The Western conception of Alf Layla Wa Layla, or The Arabian Nights, or The Thousand Nights and a Night, has been influenced more by its European translators than by the original texts. In fact, there is no definitive original text of this massive work, which has evolved from a variety of sources, some written, some oral, but all of which share the famous frame story of the king’s wife who forestalled her execution by telling a new story each night for 1001 nights, by which time the king fell in love with her and stayed her execution. Some of the more famous tales are not even in the Middle Eastern sources that make up the “1001 Nights,” most notably the “orphan tales” Aladdin and Ali Baba, for which there are no known Arabic originals that predate the first European translations. The European fascination with The Arabian Nights began with the first translations by the Frenchman Antoine Galland (1646-1715) whose versions of the tales appeared in 12 volumes from 1704-1717. Some were translated by Galland and some were related to him orally by Arabic storytellers. The first English version was published in 1706.
The Dalenberg Library’s copy of the Lane translation of The Arabian Nights is a 1927 edition, which includes the extensive notes and commentaries which were added to the Lane version after the translator’s death. Edward William Lane (1801-1876) published his translation in 1840, with a revision in 1859. This particular edition, from Tudor Publishing Co. , is amusingly subtitled on the dust cover “Complete, Unexpurgated Lane Translation.” The reason that is so funny is that the Lane translation is most famous for being a totally bowdlerized (i.e. expurgated) version of the tales. To read Lane is to get a glimpse of the British Empire’s obsession with Orientalism while at the same time remaining strictly Victorian. Lane’s prose is charming but stifling, as he writes in a mock-Biblical fashion with lots of “thees” and “thous.” He stays true in some ways to the originals (Aladdin and Ali Baba are nowhere to be found in Lane). However, Sir Richard Francis Burton (1821-1890), a better and more complete translator of Alf Layla Wa Layla, pretty much condemns Lane as having no real affinity for the Arabic people and often bungling his translations of the language. You will read commentators today who condemn Burton for over-emphasizing the eroticism of the tales (quite the opposite of Lane) and for being racist (Lane was way more racist than Burton.) The reality is that Burton had great respect and love for the cultures that gave birth to these stories, and he was way ahead of his time on the topics of sexuality and race.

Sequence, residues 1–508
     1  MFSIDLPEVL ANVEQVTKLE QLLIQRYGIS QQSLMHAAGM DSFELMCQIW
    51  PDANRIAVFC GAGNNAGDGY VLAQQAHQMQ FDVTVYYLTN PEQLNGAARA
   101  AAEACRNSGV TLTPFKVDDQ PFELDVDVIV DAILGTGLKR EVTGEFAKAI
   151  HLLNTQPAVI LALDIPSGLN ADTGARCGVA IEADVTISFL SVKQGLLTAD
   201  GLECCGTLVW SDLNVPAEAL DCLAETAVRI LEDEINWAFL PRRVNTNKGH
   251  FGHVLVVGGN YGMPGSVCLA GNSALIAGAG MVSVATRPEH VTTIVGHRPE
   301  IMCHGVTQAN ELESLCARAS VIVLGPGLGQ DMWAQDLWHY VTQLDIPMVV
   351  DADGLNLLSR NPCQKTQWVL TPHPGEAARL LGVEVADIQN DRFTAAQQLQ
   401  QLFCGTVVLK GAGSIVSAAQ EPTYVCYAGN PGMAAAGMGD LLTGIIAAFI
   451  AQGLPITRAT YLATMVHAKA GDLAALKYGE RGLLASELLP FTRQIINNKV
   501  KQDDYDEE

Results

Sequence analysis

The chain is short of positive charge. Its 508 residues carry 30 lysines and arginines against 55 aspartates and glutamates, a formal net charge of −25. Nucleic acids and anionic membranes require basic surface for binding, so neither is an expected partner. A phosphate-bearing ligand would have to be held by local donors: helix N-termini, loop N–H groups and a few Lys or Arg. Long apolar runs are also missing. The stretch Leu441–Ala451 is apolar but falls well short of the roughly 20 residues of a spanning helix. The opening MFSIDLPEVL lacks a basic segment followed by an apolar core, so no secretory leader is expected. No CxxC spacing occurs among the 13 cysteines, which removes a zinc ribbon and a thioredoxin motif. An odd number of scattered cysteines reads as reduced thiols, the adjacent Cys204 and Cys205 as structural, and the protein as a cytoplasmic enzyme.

There are newer translations of some of the tales that attempt to erase the influence of the French and British imperialists. However, the most complete version that is firmly rooted in the mind and languages of the Middle East is the Burton version. Lane has long been a favorite of people who wanted The Arabian Nights to be orientalist fairy tales for family consumption–it reads like the Bible, and you can easily distill it down into childrens’ stories. It is Alf Layla Wa Layla as seen through the lens of a Victorian-era British imperialist.